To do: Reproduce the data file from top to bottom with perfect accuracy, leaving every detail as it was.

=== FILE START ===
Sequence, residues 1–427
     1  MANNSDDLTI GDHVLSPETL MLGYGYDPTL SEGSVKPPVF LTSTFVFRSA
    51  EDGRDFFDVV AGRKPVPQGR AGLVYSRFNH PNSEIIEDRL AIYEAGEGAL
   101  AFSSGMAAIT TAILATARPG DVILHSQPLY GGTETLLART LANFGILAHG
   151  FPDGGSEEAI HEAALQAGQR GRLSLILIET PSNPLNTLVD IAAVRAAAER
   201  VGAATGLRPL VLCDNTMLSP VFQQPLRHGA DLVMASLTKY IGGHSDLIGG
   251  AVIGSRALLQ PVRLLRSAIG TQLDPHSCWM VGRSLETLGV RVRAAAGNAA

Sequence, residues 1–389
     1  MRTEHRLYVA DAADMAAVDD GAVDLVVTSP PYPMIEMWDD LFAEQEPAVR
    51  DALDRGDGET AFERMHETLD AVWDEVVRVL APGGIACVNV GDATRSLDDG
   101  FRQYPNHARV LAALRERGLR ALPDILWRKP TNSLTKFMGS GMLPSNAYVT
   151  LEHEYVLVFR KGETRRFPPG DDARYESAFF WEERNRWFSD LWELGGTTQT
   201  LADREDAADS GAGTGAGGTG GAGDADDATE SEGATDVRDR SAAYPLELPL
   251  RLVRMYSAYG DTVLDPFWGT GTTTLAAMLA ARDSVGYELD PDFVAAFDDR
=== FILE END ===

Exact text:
Sequence, residues 1–427
     1  MANNSDDLTI GDHVLSPETL MLGYGYDPTL SEGSVKPPVF LTSTFVFRSA
    51  EDGRDFFDVV AGRKPVPQGR AGLVYSRFNH PNSEIIEDRL AIYEAGEGAL
   101  AFSSGMAAIT TAILATARPG DVILHSQPLY GGTETLLART LANFGILAHG
   151  FPDGGSEEAI HEAALQAGQR GRLSLILIET PSNPLNTLVD IAAVRAAAER
   201  VGAATGLRPL VLCDNTMLSP VFQQPLRHGA DLVMASLTKY IGGHSDLIGG
   251  AVIGSRALLQ PVRLLRSAIG TQLDPHSCWM VGRSLETLGV RVRAAAGNAA

Sequence, residues 1–389
     1  MRTEHRLYVA DAADMAAVDD GAVDLVVTSP PYPMIEMWDD LFAEQEPAVR
    51  DALDRGDGET AFERMHETLD AVWDEVVRVL APGGIACVNV GDATRSLDDG
   101  FRQYPNHARV LAALRERGLR ALPDILWRKP TNSLTKFMGS GMLPSNAYVT
   151  LEHEYVLVFR KGETRRFPPG DDARYESAFF WEERNRWFSD LWELGGTTQT
   201  LADREDAADS GAGTGAGGTG GAGDADDATE SEGATDVRDR SAAYPLELPL
   251  RLVRMYSAYG DTVLDPFWGT GTTTLAAMLA ARDSVGYELD PDFVAAFDDR